Alex Rivera’s Sleep Dealer is one of the most grounded science fiction films of recent memory. The first time director has referred to his work as ”science fiction with many anchors in today’s reality.” He isn’t joking. In the future according to Sleep Dealer, Mexico is walled off, their water supply has become privatized, and day-laborers don’t even have to leave the country to take immigrant jobs.
The dispossesed and desperate can simply file into shabby factories outfitted with the latest ‘node’ tecnology–it hooks into nerve ports in the human body– and remotely control construction robots, nanny robots and even deadly war planes from one location. Rivera might be a fresh director but his film is anything but amateur. This is a visually imaginative, sumptous and engaging work made all the more effective by a reality that feels like it could be happening tomorrow.
Like Blade Runner and The Matrix before it, Sleep Dealer has its finger on the pulse of the cyber-punk genre. The virtual workforce of the film may plug in and engage their robo-units through a nueral networking, but the dangers of the job, the crowded, sub-standard working conditions and the desperation of the operators are as close to authentic as you can get. I was never in doubt that this world could come to pass, given the right circumstances. Rivera chose Super 16 to film the movie, and his decision to go that direction has provided the picture with a warm, dusty glow for the outdoor scenes in the Mexican desert and a blue-green tint for the factory interiors.
Disorienting dream sequences that suggest the mind’s eye of a plugged-in operator are well done despite the low budget effects. Rivera understands exactly how far his resources will take him, and he pushes them as far as they will go, relenting before they snap. Wisely, he chooses to let his story work the magic and places his competent cast up-front so that the well drawn characters take center stage.
The film follows a young Mexican man named Menno, whose technological obsessions with hacking and evesdropping via an old sattelite bring a world of hurt down upon his family farm. When his father is accidentally shot by a military pilot sent on an anti-terrorist bug hunt, Menno has to leave the farm and his family to find a means to provide. He heads for Tijuana and becomes a node worker, operating a robotic unit that climbs scaffolding and builds towering high-rises. He works hours beyond a normal schedule, growing so tired that he almost loses control of his unit. He sends money back to his mother, but is not intent on returning. Closer than ever to the outside world, he sees the plight of Mexico within a global context and feels disenfranchised.
The plot turns and becomes a taut thriller when Menno meets Luza on a bus headed to the Node factory. Luza is a young writer and she hides her professional occupation from him because she is interested in capturing his story. From here, Rivera crafts a film that could have just as easily been an indie about modern day Mexico without the robots and cyber-stuff. It works as human drama and the plot is complex without being convoluted. When the pilot who shot Menno’s dad returns to the story he has a purpose in the grander architecture.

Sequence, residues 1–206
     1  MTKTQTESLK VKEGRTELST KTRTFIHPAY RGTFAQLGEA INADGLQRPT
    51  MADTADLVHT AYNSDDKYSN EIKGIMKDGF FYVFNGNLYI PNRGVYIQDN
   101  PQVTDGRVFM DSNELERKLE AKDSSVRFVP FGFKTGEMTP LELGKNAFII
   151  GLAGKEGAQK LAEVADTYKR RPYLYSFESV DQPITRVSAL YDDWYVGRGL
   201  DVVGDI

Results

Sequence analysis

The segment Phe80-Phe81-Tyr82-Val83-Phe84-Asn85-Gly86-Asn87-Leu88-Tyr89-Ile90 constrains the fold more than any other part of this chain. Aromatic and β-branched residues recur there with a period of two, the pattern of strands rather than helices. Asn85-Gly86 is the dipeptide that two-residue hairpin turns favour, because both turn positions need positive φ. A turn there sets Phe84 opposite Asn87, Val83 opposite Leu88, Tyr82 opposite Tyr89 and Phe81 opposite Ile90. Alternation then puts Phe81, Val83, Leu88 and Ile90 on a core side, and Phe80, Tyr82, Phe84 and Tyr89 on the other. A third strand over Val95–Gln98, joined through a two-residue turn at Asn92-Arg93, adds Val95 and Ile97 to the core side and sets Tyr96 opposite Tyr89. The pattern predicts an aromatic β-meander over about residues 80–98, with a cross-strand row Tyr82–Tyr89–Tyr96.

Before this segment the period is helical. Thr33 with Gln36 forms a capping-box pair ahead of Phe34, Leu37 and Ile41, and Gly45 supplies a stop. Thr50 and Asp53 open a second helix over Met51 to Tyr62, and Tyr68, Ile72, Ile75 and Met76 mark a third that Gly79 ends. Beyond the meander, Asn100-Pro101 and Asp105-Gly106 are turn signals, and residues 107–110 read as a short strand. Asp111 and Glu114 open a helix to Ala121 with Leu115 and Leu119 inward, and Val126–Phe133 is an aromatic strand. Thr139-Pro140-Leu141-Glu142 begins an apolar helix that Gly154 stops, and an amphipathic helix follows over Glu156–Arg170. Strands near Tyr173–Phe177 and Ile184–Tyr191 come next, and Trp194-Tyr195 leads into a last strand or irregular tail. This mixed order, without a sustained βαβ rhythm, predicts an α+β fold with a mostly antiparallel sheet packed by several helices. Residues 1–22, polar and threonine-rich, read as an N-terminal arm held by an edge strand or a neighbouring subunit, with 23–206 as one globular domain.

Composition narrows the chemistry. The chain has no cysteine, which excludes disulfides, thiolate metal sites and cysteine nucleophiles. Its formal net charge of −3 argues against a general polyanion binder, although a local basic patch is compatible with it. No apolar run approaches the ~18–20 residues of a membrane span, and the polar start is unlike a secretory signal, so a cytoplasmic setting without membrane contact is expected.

And yet, science fiction is exactly the right direction for the film. Taking the class struggles present in powerful speculative fiction like The Time Machine and Metropolis and relating them to the modern day issues of immigration and day-labor, Rivera has a made a movie that is not only timely but, in it’s own way, cautionary. I complained about Surrogates this past weekend because it ultimately didn’t have the courage of its anti-tech convictions and became a superficial action movie. Sleep Dealer is more confident in the tale it wants to tell. Rivera doesn’t target technology as evil but points the finger at government structures and societies that would abuse technology to exploit groups deemed expendable.
The actors are very good at what they have been asked to do, and Luis Fernando Peña as Memmo internalizes his character instinctively and handles the scenes where he has linked into his robotic counterpart with a certain haunting grace, reacting as if the machine plugged into his brain were a natural extension of his body. If this weren’t enough, he also has significant chemistry with Leonor Varela as Luz. Once Rivera settles down in Tijuana for the central section of Sleep Dealer, Varela and Peña are carrying the movie. They are more than up to the task and with Rivera’s focused dialogue they elevate the film and its emotional impact.
Rivera is a skilled and thoughtful writer, but as a director he’s still growing. Sometimes Sleep Dealer feels too sluggish or clunky in its pace, and although there is a truly lush and sensual visual template, the film’s transitions are often weak. Rivera returns often to familiar compositions and sequences. At one point, I felt like I was seeing the same robo-construction scenes over and over. While these issues occasionally stifle the drama, they do not undercut or sink the film.
Rivera’s movie is a signficant achievement and a shining example of the cyberpunk genre. In fact, Sleep Dealer moves past cyberpunk and into a world of its own. A world so closely mirroring ours that it picks up all our concerns and carries them,amplifying them as it goes.